Many NGOs find themselves caught between a rock and a hard place in terms of donor and state pressures. NGOs are faced with constant challenges of understanding donor preoccupations and requirements and then interpreting these to their constituents and trying to offset the efforts of state control or obstruction of their work especially in contexts where NGOs and the state are competing for the same donor resources. Accountability is a complex challenge for NGOs because they have multiple constituents and need to be accountable in different ways to a variety of different groups and interests.

However the prevalence of NGOs is often considered a sign of a well-functioning civil society as they are expected to contribute to democracy and the building of democratic aid structures. Without doubt the role of civil society as a watchdog increases transparency and the participation of society in the development process. NGO discourse on development reflects their desire to be considered as a relevant stakeholder by all actors involved, to engage with decision-makers, and to become active participants in and of development. This normative discourse helps integrate NGO action into the social and political aid system.

NGOs are no longer small-scale actors, simply interested in filling up the vacuum left by government. They have grown into powerful voices of civil society. NGOs play a key role in the drafting and implementation of poverty reduction strategies and such a role represents a fundamental change compared to earlier periods where NGO involvement was strictly limited to service provision, an activity that has led to resistance from some governments.

Governments have largely recognized the important role of NGOs, especially concerning service provision to the socially excluded. They are slowly but surely realizing that development goals cannot be reached without the active participation of NGOs. In addition to pure service provision, NGO participation is seen as strengthening the legitimacy of public and social policy. As a result, NGO involvement can improve both upward and downward accountability. Upward accountability is improved by augmenting the chances of reaching internationally set goals, while downward accountability is improved by ensuring civil society representation.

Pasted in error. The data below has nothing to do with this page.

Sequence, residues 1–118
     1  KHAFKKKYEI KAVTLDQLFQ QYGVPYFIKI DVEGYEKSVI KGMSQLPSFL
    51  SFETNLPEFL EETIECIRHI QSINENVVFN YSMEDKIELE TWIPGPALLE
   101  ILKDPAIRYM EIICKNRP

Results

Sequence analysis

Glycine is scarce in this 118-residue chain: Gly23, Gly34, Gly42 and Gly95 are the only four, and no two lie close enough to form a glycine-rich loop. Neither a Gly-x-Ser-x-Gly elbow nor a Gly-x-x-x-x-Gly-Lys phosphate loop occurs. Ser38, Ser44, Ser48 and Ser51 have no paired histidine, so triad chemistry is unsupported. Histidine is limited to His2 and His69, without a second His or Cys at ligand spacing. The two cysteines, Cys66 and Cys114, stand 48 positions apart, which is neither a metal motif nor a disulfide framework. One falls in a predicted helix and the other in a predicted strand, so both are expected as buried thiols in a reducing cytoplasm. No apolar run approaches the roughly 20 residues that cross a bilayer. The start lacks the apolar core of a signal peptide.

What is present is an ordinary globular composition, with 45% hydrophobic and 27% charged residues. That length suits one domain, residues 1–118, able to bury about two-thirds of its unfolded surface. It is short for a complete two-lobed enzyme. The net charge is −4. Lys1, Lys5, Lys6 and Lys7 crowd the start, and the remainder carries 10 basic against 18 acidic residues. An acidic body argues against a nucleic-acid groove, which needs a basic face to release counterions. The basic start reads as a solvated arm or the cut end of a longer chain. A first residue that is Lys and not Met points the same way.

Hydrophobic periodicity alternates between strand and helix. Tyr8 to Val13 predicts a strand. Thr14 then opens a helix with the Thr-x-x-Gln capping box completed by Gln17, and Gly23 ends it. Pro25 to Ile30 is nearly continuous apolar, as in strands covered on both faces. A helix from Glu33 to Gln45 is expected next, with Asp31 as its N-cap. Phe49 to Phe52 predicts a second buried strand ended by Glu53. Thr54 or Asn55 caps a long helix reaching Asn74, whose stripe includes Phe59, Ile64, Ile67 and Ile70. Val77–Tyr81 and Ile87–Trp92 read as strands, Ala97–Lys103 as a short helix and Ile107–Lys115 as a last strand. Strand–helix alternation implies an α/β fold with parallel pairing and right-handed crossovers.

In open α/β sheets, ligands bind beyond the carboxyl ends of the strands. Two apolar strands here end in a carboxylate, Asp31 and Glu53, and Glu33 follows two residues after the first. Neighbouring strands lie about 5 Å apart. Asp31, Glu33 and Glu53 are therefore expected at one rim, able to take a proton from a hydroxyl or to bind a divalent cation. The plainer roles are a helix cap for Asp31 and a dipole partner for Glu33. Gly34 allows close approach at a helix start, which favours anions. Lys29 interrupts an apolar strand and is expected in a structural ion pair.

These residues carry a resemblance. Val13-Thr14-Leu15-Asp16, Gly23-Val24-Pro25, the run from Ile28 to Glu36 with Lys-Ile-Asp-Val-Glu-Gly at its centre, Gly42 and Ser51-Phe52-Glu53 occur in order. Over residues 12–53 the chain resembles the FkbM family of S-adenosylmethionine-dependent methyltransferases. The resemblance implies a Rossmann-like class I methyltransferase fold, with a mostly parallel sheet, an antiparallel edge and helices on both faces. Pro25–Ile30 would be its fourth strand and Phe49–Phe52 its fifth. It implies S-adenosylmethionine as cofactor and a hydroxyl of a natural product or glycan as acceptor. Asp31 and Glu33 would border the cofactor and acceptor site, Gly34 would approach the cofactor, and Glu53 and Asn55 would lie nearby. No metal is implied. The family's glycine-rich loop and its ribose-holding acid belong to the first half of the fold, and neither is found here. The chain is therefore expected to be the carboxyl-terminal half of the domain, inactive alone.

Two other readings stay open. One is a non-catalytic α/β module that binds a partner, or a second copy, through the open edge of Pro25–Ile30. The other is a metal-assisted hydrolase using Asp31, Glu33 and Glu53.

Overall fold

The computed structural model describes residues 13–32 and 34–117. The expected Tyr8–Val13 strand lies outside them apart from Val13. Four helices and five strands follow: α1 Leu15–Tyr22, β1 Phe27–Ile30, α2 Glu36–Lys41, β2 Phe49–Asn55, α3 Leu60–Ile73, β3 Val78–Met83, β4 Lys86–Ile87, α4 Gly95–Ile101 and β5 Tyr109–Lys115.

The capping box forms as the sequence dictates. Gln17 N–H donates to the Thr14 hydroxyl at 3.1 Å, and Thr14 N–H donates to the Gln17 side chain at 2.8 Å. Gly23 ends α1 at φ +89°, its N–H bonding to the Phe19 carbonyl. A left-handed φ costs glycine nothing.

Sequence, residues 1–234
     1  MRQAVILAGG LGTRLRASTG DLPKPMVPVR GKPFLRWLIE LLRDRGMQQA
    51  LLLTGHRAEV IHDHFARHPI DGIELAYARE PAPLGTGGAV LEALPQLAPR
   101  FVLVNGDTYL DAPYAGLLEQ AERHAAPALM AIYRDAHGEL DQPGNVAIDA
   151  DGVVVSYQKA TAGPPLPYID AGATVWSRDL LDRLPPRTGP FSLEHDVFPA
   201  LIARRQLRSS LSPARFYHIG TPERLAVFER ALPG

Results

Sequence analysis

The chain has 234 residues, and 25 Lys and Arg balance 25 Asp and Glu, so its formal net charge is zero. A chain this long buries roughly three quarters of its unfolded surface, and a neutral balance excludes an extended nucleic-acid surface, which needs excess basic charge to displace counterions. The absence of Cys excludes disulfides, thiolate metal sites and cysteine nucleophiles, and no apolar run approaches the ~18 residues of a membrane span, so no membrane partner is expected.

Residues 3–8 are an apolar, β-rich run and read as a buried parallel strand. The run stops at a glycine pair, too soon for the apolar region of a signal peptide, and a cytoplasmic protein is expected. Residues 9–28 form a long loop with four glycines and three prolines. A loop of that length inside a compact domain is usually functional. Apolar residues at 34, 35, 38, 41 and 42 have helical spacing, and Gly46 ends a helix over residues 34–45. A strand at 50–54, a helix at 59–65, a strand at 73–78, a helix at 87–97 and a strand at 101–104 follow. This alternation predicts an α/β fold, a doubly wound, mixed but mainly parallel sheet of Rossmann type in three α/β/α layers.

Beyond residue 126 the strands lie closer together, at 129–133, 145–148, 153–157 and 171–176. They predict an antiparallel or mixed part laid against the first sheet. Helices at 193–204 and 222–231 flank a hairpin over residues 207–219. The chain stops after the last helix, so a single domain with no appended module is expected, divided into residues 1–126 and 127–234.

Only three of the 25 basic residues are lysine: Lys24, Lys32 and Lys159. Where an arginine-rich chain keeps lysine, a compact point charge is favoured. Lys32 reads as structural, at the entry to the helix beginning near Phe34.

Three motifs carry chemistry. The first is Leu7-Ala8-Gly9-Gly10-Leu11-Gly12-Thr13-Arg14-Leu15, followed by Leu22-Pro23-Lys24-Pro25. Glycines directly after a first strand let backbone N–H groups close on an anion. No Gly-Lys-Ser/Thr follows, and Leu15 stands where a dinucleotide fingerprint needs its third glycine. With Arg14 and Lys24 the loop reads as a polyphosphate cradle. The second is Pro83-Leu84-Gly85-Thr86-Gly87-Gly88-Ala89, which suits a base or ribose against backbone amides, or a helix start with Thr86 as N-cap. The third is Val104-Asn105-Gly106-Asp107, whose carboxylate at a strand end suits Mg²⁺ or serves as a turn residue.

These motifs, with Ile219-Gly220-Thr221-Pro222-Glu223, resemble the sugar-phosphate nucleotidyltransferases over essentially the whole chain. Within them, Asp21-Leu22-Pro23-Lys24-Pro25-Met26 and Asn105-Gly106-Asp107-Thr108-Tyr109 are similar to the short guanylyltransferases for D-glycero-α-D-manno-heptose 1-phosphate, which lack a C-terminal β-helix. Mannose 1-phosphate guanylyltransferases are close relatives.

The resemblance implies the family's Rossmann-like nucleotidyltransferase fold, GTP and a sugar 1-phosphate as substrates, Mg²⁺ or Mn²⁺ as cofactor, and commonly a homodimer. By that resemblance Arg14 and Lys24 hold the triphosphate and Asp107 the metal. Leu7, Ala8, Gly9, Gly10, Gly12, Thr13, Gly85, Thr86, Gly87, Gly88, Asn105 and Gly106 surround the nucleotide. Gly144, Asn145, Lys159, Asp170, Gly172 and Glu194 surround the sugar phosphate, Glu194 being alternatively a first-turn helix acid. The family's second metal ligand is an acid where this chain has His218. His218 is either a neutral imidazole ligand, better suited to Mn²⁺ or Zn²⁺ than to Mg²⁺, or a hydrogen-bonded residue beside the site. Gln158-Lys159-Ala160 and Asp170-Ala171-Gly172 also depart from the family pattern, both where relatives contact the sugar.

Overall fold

NGOs and Socioeconomic Development

NGO state relations are a fragile and context-specific partnership in constant evolution. Many NGOs have had to deal with local authorities, with government officers or local institutions when engaging in activities. According to research, democratic regimes are strongly correlated with openness towards NGOs. In Nepal, for example, NGOs have been present since the s, when the feudal regime was officially abolished. When the development sector became more centrally controlled in , the role and impact of civil society decreased.

However, a new space for civil society opened up parallel to the democratization and liberalization of the country in the s UNESCO, The scope and nature of NGO work is determined largely by the political culture — whether there is a tradition of well-functioning civil society organizations or not.

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  6. South Asia, for example, has a long history of indigenous NGOs working in the development sector. As a result, in recent years, government has been incorporating NGOs into various committees with other line ministries from unions to the national levels and sharing and learning from the experience of NGOs in different sectors.

    Nevertheless, in some countries, NGOs are not perceived as legitimately representing national or local civil society. In some countries, faith-based organizations might be more representative of a given community and might thus be more successful in creating partnerships with the government. In other countries, the legislation has established a strong regulative framework for NGOs, restricting their activities and the possibilities for scaling up. Such regulation may actually be to the benefit of NGOs.

    When state capacity is weak, a government rarely interferes in the work of NGOs, especially at the micro level because they do not have the capacity to do so. In conclusion, this article has been explored with one main question in mind: has NGO action evolved from replacing the state on the ground? Their gap-filling role and independence from government has allowed them to implement innovative approaches that can serve as models for government.

    In this sense, NGOs should continue doing what they already do best. Mainstreaming such successful innovations in cooperation with government and the private sector thus becomes a development process par excellence.